From new guidance to help sustainable fishery management, to research that suggests our circadian ’biological’ clock may help brain growth and repair, here is some quick-read news from across Imperial.
Fisheries guideSmall-scale fisheries account for 40% of global fish catch and employ more than 90% of the world’s fishers, defining the livelihoods, nutrition, and culture of a substantial and diverse segment of humankind. In recent decades collaborative forms of fisheries management, including co-management with national governments, have gained popularity as the most appropriate, fair, and effective form of governance for small-scale fisheries.
Yet co-management can succeed or fail, and implementation does not mean positive impacts for food security, nutrition, livelihoods, or biodiversity. Nor does it imply programmes will respect human rights, gender equality, or principles of justice and equity. Fewer management programs implemented well might achieve far more than many implemented poorly, and poorly implemented co-management can be worse than no management.
To this end, researchers have created a guide designed to assist practitioners in understanding the latest research on what constitutes successful fisheries co-management, and how to reach this objective. The Fisheries Co-Management Guidebook was led by WorldFish and the Wildlife Conservation Society, and includes work by Imperial’s Dr Morena Mills , in the Centre for Environmental Policy.
Axonal regeneration clocks inScientists from the Department of Brain Sciences have discovered that the circadian clock regulates axonal regeneration and repair.
The authors found that DRG sensory neurons have an endogenous molecular clock which optimises axonal regeneration in a mouse model of sciatic nerve injury. The researchers also demonstrated that axonal regeneration can be promoted using chrono-active drugs, such as lithium, which is currently used in the clinics for treating neurological disorders.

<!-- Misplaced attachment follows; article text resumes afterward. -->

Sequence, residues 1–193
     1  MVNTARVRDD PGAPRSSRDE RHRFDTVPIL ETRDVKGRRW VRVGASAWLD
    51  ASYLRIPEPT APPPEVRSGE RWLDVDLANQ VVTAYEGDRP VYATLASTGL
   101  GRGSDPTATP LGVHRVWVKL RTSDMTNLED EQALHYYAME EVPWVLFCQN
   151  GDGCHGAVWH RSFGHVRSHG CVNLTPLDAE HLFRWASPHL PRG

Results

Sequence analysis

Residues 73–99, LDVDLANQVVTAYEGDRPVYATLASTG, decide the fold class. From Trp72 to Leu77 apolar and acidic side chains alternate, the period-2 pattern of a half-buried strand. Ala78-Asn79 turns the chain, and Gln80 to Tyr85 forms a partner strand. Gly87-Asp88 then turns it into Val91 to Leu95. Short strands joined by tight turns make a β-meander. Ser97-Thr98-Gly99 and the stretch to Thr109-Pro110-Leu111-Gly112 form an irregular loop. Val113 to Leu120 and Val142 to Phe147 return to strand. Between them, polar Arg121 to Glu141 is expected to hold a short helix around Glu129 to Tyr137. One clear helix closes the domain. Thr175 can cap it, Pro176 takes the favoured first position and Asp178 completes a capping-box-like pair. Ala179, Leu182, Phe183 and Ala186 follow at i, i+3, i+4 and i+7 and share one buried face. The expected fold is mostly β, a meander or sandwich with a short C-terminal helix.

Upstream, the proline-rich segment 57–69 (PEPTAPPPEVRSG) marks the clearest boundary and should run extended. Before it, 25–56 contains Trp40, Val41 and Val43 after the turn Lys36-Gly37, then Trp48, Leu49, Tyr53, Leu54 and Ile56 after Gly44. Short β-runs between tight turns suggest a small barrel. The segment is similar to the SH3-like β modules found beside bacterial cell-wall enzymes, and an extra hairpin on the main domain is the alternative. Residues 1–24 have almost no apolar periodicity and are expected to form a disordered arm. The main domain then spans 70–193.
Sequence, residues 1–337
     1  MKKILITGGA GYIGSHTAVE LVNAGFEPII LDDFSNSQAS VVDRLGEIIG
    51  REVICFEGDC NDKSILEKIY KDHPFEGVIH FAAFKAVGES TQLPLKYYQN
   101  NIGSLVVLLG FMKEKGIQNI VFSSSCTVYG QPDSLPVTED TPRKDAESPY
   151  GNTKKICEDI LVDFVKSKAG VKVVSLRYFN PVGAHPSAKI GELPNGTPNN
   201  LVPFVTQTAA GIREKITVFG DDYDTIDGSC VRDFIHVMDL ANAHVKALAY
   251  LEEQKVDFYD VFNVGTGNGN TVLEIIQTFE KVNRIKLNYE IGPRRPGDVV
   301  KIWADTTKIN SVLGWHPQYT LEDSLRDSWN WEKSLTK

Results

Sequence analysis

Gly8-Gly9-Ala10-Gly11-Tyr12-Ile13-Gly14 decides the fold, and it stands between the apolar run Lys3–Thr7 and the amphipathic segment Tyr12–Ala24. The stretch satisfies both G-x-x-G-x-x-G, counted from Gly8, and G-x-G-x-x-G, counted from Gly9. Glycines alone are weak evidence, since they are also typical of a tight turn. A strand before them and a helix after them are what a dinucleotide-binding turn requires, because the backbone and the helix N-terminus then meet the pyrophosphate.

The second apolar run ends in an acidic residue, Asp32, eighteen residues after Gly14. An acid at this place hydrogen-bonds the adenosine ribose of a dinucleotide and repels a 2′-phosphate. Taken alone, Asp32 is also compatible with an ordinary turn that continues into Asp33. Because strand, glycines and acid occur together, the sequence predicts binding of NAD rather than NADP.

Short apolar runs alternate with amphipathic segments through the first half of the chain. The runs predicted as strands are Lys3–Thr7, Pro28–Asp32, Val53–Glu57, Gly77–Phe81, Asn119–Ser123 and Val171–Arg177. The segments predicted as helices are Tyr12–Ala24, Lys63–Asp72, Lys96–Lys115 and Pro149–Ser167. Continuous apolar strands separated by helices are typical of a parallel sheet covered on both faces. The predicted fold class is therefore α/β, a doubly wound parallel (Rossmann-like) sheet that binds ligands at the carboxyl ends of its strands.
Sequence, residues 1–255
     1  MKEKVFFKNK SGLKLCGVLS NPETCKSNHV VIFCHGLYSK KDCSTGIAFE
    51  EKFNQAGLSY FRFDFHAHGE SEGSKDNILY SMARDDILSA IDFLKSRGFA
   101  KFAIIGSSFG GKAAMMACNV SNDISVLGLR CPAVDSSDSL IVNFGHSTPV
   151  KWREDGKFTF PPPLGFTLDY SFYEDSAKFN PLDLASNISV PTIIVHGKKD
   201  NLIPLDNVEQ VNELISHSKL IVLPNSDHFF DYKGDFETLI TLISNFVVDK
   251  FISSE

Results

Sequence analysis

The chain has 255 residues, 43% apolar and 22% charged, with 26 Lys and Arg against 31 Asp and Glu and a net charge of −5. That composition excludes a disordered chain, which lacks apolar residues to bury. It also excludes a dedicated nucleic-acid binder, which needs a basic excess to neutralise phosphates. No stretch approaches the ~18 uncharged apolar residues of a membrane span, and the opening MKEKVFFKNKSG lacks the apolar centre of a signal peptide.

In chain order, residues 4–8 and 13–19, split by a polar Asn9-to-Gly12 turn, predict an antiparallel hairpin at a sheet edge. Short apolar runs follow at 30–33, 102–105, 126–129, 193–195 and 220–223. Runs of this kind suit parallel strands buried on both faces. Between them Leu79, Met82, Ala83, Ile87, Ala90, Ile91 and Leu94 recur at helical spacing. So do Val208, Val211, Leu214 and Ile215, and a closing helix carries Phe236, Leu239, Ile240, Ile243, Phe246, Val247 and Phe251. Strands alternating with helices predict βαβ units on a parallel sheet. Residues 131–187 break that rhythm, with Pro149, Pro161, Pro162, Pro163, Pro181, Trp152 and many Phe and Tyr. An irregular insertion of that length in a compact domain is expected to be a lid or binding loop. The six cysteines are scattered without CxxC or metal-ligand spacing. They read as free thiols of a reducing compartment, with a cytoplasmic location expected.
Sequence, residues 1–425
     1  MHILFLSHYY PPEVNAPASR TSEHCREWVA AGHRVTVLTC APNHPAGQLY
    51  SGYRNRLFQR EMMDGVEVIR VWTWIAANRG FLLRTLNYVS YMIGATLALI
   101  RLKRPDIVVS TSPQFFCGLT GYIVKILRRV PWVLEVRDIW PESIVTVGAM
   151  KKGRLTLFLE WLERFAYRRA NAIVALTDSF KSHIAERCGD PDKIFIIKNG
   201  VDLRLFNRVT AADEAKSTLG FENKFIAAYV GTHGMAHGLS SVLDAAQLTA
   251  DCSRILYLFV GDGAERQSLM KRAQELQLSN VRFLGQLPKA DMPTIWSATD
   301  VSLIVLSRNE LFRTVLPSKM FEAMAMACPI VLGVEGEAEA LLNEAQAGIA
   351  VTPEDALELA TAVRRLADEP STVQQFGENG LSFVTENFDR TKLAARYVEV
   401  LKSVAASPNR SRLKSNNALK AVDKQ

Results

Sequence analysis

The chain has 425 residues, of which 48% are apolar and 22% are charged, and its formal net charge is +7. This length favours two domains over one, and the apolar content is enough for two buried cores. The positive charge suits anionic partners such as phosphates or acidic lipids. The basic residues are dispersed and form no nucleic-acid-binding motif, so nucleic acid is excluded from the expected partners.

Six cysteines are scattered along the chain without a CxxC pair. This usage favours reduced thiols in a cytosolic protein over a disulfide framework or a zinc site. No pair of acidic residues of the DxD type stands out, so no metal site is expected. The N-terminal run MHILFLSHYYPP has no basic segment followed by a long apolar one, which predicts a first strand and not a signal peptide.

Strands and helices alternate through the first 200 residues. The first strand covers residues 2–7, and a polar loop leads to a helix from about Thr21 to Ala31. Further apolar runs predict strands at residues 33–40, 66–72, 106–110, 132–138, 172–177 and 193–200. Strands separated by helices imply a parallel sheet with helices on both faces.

These findings pave the way for the use of clock-associated therapies and timed neurorehabilitation for people with Peripheral Nervous System (PNS) injuries.
Dr Francesco De Virgiliis, University of Geneva and Honorary Research Associate in the Department of Brain Sciences said: "Our study shows that the circadian clock regulates axonal regeneration, and we were able to exploit this mechanism by repurposing lithium, a chrono-active drug used for neurological disorders, to promote regeneration. Importantly, our findings put forth the concept of timed therapies and neurorehabilitation to improve nerve repair."
Read the full paper in Cell Metabolism.
Global teacher prizeShafina Vohra, a PhD candidate in the Dyson School of Engineering, reached the top ten in the Global Teacher Prize 2023 . The prize - awarded annually by the Varkey Foundation and in collaboration with Dubai Cares and UNESCO - aims to acknowledge the impact of the best teachers on their students and the communities around them.
This year saw over 7,000 nominations from 130 countries, and Shafina was declared within the top ten at the prize ceremony in Paris. Her work incorporates Lego as a learning aid in the classroom and she has also developed a free programme for primary schools to foster innovation, as well as tutoring students in the Dyson School of Engineering. She will be part of the Varkey global team to drive future innovation and change within the teaching industry.
Shafina said: "I still can’t believe that I was standing on the UNESCO stage facing a global audience of education ministers and delegates from all over the world. Being a top ten finalist still hasn’t sunk in, but I have been approached by many to work alongside them in shaping education on many fronts."
UNESCO have published a first-of-its-kind report on teaching ’ Global report on teachers: addressing teacher shortages. ’